Tuesday, November 8, 2016

Towards a Non-Partisan, Issue-Centered, Outcome-Oriented Political Discourse System for America

[The body of this piece was uploaded on election eve before the outcome began to take shape. Trump's name was added next day. It could have been Clinton's - makes no difference!]

Finally it’s over. The presidential election of 2016 is history. Big sigh of relief. But not for long, because voter disgust with both candidates is so widespread that the aftermath of the election may be as tumultuous as the run-up to it.

Well, here's how it turned out. Added Nov 9. But for our purposes here, it matters not who won.
That said, America on November 9 will have at least a brief moment to pause and reflect on what’s gone so horrendously wrong with our rigged and money-driven system of political discourse and then ask how (and if) what’s broken can be fixed.

It's amazing that no one is asking this question. No one. Obsessed with partisan concerns, the shrewdest political heads in America have lost sight of both the cause and the remedy for our political ills. 

So it's time to pull our heads out of the sand, ask this critical question, answer it correctly, and then find ways to create a political discourse system that gets governments working again.

The first step towards the restoration of functionality to American politics is general agreement on the nature of our existing political discourse system and why it is failing us so disastrously at local, state and national levels.

The following nine points are my best effort at a non-partisan account of this system and its shortcomings.

1. Our existing political discourse system is election-centered. Its focus at all levels of government is on politicians, political campaigns and election outcomes. It is a system of news and commentary, conventions and debates, political polls, and election-time political advertising.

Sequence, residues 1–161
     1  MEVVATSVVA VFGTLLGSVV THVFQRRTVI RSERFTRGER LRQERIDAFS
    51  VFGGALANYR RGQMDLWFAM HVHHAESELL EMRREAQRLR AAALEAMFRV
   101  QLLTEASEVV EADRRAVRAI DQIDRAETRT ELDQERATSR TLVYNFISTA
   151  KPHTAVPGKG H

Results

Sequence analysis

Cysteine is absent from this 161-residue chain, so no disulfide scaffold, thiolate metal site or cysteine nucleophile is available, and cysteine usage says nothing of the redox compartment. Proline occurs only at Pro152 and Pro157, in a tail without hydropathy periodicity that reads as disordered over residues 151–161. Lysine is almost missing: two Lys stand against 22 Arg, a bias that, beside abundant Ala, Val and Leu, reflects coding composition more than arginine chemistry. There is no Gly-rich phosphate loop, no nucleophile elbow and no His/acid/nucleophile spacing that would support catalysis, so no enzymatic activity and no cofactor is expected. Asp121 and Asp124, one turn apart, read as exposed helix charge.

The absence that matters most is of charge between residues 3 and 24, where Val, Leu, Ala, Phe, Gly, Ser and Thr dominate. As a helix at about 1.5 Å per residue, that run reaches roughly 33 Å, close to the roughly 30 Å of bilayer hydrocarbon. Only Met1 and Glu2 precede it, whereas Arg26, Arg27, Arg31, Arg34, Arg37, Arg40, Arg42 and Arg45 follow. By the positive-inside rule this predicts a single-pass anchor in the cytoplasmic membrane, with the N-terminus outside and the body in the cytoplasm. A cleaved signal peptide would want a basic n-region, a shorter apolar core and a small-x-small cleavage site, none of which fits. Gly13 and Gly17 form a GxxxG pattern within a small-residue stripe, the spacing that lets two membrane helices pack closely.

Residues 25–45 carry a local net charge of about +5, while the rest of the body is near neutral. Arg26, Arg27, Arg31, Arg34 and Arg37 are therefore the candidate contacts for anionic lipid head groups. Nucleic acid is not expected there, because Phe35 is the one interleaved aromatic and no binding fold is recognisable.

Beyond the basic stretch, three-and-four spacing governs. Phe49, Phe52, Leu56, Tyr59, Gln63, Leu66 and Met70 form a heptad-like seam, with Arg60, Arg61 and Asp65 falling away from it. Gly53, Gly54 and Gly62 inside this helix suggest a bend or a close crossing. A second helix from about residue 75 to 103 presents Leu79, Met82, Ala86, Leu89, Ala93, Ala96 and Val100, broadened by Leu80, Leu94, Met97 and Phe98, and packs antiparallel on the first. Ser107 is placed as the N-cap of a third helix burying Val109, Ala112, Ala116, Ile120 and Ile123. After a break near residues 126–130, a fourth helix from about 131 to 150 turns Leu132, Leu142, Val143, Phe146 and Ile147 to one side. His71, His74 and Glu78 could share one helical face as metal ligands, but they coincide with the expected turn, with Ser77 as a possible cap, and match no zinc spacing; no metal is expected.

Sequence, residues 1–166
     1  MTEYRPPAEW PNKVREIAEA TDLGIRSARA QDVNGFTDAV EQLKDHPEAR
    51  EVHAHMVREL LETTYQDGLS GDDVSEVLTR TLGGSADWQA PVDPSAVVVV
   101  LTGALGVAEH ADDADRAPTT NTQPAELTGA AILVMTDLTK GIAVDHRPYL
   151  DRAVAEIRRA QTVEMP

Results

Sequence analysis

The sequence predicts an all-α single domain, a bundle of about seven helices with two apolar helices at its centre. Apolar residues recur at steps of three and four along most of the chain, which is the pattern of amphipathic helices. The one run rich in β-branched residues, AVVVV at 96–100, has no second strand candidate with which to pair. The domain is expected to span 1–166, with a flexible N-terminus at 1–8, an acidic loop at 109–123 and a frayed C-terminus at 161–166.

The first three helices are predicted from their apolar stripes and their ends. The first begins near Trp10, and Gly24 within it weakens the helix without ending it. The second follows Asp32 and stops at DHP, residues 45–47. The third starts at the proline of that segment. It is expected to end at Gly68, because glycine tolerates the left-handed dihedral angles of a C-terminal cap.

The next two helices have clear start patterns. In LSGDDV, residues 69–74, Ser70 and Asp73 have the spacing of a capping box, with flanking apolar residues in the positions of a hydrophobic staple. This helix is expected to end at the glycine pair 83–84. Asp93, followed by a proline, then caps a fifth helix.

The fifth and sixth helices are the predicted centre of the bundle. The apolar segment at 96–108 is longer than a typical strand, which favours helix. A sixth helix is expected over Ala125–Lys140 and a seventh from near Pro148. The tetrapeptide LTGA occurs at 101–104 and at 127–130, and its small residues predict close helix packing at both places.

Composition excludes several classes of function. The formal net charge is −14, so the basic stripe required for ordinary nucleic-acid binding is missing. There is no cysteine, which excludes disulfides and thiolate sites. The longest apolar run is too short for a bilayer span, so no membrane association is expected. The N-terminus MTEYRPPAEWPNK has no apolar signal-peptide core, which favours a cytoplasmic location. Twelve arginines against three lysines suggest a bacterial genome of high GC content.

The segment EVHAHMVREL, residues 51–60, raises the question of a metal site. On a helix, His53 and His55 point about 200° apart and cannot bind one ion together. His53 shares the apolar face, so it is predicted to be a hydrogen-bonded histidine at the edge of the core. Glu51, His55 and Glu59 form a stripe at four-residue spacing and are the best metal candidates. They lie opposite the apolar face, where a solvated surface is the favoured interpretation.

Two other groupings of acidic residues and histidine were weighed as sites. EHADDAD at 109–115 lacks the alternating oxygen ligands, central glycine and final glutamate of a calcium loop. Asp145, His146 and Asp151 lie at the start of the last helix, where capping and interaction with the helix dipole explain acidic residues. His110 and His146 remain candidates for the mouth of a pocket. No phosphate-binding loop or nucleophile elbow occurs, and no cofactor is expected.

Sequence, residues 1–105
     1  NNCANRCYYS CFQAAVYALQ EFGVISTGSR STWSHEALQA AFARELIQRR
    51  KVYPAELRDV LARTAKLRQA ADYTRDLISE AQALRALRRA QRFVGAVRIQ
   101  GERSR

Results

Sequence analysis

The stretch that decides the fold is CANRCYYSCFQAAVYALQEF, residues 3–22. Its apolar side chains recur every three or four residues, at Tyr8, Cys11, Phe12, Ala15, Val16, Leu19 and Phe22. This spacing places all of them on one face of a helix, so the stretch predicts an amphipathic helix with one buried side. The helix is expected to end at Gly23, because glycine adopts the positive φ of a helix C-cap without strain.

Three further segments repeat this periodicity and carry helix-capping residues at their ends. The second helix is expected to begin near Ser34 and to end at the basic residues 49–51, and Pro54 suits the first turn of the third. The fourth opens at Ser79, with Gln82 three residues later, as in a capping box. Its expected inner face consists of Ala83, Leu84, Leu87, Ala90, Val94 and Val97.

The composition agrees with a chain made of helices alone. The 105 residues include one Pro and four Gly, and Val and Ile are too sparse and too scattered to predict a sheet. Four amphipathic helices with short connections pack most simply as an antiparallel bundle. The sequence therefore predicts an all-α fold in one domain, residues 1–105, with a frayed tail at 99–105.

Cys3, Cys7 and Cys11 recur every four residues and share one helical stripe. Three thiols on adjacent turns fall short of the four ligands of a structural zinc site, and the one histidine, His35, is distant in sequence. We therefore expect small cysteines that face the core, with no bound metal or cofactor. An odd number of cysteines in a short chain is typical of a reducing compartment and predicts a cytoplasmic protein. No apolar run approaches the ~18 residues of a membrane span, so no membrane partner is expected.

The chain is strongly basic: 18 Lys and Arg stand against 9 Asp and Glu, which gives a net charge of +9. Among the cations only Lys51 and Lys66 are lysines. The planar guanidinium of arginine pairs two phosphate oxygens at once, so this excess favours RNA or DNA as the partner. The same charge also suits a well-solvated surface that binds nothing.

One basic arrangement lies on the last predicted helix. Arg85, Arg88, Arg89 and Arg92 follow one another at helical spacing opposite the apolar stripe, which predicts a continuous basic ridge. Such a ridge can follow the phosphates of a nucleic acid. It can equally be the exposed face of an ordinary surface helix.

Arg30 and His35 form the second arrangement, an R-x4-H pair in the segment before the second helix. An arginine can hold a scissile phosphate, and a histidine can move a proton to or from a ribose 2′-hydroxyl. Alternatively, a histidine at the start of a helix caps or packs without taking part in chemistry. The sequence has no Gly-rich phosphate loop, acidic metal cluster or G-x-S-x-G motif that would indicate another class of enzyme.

2. From a formal standpoint, this system is media-based, with network and cable TV still the dominant media for broadcasting the interactions of candidates and voters despite the rise of the Internet. That said, the top-down character of this system, which is owned by a handful of media corporations, is being challenged by the bottom-up citizen use of social media like Twitter and Facebook.

3. Polls confirm that Americans have lost faith and trust in the existing system because it leaves them voiceless in the government decisions that affect their lives. They are aware that citizen input has been displaced by the televised political attack ads that have skewed and determined American election outcomes at local, state and national levels since the advent of network TV in the 1960’s.

4. Political attack ads weaken political discourse in three distinct ways. They alienate voters from government, they polarize voters into hostile extremes of right and left and - most important - they deprive citizens of their right to an informed voice in the political and government decisions that affect their lives.

5. The existing election-centered system is financially underwritten by negative political advertising airing on commercial television. Attack ads are a profit center for the stations that air them. These ads now dominate news coverage of politics in three ways: in news stories about the billions of dollars raised by candidates for office, in news stories about the actual content of attack ads and in news stories about resulting and escalating personal attacks of candidates on each other.

6. To pay for political attack ads, incumbents must to spend up to 25% of their tax-payer paid work week raising money.

7.  America’s election-centered political discourse system primarily serves the financial and political interests of three groups: incumbents and political parties, “Big Money” political donors and the owners of TV networks.

8. Decades of campaign finance reform efforts have failed utterly to restore functionality to this broken system.

9. This system, for all its flaws, is indispensable to government. At this critical juncture in its history, however, America urgently needs political discourse that listens to the people and uses citizen input to get governments working again at local, state and national levels.